Researchers explore more efficient carbon dioxide to methanol model

Feb 19, 2013
UT Arlington researchers explore more efficient carbon dioxide to methanol model
A schematic illustration of the two-step synthesis of CuO-Cu2O hybrid nanorod arrays.

Researchers from The University of Texas at Arlington are pioneering a new method for using carbon dioxide, or CO2, to make liquid methanol fuel by using copper oxide nanowires and sunlight.

The process is safer, simpler and less expensive than previous methods to convert the associated with to a useful product, said Krishnan Rajeshwar, interim associate vice president for research at UT Arlington and one of the authors of a paper recently published in the journal . Researchers began by coating the walls of , CuO, nanorods with crystallites made from another form of copper oxide, Cu2O. In the lab, they submerged those rods in a water-based solution rich in CO2. Irradiating the combination with simulated sunlight created a photoelectrochemical reduction of the CO2 and that produced methanol.

In contrast, current methods require the use of a co-catalyst and must be conducted at high operating pressures and temperatures. Many also use , such as , or , such as tellurium, Rajeshwar said.

"As long as we are using , we'll have the question of what to do with the carbon dioxide," said Rajeshwar, a distinguished professor of chemistry and biochemistry and co-founder of the Center for Renewable Energy, Science & Technology, CREST, at UT Arlington. "An attractive option would be to convert greenhouse gases to liquid fuel. That's the value-added option."

Co-authors on the recently published paper, "Efficient solar photoelectrosynthesis of methanol from carbon dioxide using hybrid CuO-Cu2O semiconductor nanorod arrays," are Ghazaleh Ghadimkhani, Norma Tacconi, Wilaiwan Chanmanee and Csaba Janaky, all of the UT Arlington College of Science's Department of Chemistry and Biochemistry and CREST. Janaky also has a permanent appointment at the University of Szeged in Hungary.

Rajeshwar said he hopes that others will build on the research involving copper oxide nanotubes, CO2 and sunlight.

"Addressing tomorrow's energy needs and finding ways to stem the harmful effect of greenhouse gases are areas where UT Arlington scientists can connect their work to real-world problems," said Carolyn Cason, vice president for research at the University. "We hope solutions in the lab are only the beginning."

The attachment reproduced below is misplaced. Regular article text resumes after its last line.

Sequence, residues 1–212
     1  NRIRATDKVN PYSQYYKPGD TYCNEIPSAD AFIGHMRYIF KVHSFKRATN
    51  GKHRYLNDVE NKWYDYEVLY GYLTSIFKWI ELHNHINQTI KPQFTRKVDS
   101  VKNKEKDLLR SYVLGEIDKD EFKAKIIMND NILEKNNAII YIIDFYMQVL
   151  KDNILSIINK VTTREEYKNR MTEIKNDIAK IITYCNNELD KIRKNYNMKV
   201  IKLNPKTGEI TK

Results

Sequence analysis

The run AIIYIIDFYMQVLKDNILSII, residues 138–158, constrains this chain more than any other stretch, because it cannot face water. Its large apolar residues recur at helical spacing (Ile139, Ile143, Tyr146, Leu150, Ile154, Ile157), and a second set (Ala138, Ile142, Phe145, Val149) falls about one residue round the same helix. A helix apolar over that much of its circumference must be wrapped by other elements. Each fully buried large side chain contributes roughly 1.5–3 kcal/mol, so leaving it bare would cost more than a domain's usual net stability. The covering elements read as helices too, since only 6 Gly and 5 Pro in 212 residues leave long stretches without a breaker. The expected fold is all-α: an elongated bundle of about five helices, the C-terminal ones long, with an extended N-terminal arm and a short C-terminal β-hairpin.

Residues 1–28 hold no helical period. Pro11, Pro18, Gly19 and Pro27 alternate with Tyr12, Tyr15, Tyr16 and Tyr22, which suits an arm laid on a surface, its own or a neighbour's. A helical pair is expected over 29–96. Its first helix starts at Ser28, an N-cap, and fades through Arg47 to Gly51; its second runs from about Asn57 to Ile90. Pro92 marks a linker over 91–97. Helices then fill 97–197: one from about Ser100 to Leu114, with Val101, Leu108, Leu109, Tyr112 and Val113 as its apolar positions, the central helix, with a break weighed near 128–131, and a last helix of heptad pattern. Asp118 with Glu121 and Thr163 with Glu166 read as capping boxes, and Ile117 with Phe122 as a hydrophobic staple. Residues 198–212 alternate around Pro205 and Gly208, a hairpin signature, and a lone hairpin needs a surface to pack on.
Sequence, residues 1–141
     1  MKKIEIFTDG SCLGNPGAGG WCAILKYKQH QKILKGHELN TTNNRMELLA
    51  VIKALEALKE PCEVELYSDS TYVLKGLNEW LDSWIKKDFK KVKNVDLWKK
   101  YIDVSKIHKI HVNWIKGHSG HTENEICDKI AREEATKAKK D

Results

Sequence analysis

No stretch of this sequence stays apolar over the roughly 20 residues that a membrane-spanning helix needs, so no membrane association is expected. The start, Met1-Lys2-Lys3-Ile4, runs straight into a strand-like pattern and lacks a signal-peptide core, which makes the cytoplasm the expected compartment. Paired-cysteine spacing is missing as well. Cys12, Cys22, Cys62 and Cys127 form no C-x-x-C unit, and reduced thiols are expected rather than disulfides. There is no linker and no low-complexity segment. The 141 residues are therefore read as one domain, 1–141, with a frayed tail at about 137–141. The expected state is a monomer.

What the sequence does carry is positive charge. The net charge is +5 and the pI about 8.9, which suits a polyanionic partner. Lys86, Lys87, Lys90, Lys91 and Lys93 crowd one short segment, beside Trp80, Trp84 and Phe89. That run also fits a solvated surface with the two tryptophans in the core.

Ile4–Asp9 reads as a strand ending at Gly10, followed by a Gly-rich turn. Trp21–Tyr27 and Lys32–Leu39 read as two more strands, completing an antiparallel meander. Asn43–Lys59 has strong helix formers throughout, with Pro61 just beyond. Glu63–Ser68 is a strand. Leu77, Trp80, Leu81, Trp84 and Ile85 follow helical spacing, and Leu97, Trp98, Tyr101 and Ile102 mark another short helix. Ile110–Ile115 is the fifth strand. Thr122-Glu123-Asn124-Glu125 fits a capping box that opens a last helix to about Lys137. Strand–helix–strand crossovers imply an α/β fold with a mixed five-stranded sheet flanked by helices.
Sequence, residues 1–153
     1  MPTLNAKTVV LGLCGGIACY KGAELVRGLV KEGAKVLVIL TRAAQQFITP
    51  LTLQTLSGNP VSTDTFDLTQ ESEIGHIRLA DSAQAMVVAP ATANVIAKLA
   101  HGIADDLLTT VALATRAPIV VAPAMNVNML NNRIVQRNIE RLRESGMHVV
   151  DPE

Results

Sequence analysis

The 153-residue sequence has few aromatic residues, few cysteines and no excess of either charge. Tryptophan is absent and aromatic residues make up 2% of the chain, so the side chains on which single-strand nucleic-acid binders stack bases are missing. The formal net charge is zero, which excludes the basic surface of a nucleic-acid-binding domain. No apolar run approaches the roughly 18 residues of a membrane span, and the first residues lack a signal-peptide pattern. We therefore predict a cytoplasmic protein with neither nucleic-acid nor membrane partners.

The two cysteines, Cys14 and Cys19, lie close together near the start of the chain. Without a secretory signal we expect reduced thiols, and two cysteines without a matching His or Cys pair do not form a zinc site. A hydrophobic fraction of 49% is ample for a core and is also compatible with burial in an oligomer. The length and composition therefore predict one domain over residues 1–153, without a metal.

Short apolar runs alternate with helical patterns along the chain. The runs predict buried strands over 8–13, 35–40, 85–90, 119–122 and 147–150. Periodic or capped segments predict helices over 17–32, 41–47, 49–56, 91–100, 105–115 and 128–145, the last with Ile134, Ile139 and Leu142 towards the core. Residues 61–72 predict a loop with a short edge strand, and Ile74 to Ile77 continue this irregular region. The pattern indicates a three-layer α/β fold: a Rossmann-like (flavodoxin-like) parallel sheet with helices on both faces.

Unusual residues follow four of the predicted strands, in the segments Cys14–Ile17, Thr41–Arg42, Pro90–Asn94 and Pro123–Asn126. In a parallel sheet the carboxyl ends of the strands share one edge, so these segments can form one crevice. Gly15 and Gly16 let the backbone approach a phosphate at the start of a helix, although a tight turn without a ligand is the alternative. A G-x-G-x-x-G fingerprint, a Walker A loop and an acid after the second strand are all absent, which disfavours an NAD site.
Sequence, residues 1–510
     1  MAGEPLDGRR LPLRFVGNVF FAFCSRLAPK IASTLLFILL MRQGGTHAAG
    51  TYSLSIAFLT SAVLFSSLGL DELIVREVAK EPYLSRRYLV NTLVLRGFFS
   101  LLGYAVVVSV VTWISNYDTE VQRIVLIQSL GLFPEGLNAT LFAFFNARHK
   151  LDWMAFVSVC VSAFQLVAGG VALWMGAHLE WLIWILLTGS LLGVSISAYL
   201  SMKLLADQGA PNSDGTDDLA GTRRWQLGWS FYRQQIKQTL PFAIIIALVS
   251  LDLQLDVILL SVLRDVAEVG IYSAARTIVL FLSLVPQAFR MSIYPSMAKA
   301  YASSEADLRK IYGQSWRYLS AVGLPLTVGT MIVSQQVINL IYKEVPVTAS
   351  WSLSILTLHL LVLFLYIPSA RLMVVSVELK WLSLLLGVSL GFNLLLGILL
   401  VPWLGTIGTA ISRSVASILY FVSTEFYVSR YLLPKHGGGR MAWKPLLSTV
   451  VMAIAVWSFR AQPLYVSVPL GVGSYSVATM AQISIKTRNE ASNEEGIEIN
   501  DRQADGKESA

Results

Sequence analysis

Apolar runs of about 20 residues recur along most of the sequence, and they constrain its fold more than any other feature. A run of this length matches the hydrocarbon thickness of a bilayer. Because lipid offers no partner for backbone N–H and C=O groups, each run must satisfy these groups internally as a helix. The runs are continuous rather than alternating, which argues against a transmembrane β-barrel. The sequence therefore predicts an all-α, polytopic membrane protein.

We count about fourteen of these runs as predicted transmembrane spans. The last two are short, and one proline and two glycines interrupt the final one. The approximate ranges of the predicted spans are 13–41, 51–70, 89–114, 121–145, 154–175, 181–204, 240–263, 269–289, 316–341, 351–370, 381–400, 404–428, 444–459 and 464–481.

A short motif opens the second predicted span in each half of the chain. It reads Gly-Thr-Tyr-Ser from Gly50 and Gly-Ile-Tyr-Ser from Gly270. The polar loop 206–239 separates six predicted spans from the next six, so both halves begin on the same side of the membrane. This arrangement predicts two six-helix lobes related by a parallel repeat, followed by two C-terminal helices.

In addition to the journal, the new work also was featured in a recent edition of Chemical and Engineering News. That piece noted that the experiments generated methanol with 95 percent electrochemical efficiency and avoided the excess energy input, also known as overpotential, of other methods.

Tacconi, a recently retired research associate professor at UT Arlington, said the two types of copper oxide were selected because both are photo active and they have complementary solar light absorption. "And what could be better in Texas than to use the sunlight for methanol generation from carbon dioxide?"

Other than fuel, methanol is used in a wide variety of chemical processes, including the manufacturing of plastics, adhesives and solvents as well as wastewater treatment. In the United States, there are 18 methanol production plants with a cumulative annual capacity of more than 2.6 billion gallons, according to the paper.

Explore further: Neutral self-assembling peptide hydrogel

Related Stories

Study cracks a secret of methanol production

May 24, 2012

(Phys.org) -- What’s the best way to make methanol? The question is more pressing than it sounds. Not only is methanol an important industrial chemical – some 50 million tons are used each year to ...

Recommended for you

Neutral self-assembling peptide hydrogel

27 minutes ago

Self-assembling peptides are characterized by a stable β-sheet structure and are known to undergo self-assembly into nanofibers that could further form a hydrogel. Self-assembling peptide hydrogels have ...

Scientists make droplets move on their own

20 hours ago

Droplets are simple spheres of fluid, not normally considered capable of doing anything on their own. But now researchers have made droplets of alcohol move through water. In the future, such moving droplets may deliver medicines, ...

User comments : 3

Adjust slider to filter visible comments by rank

Display comments: newest first

Sean_W
2.3 / 5 (3) Feb 19, 2013
Chicken-Littlers aside, cheap methanol production with less dependency on fossil fuel prices is good news.
VendicarE
not rated yet Feb 20, 2013
It is clearly much more efficient to simply collect the solar energy and use it directly as energy to displace the production of CO2.

RealScience
not rated yet Feb 20, 2013
@VendicarE - It is CURRENTLY more efficient to use photovoltaics to displace fossil fuels. But this is largely due to the fortuitous match between peak sunshine and peak demand, and the availability of hydroelectricity or natural-gas peaking plants.

Once the demand peak is shaved off, additional photovoltaics would need storage, even to displace further CO2 from electricity generation. And methanol is a form of storage.

Even if all electricity generation is handled by renewables, there will still be transportation as a CO2 source. Perhaps batteries will come to the rescue, but perhaps not. And methanol can be used in DMC fuel cells, or it can be converted to longer chain alcohols like butanol that make good fuel.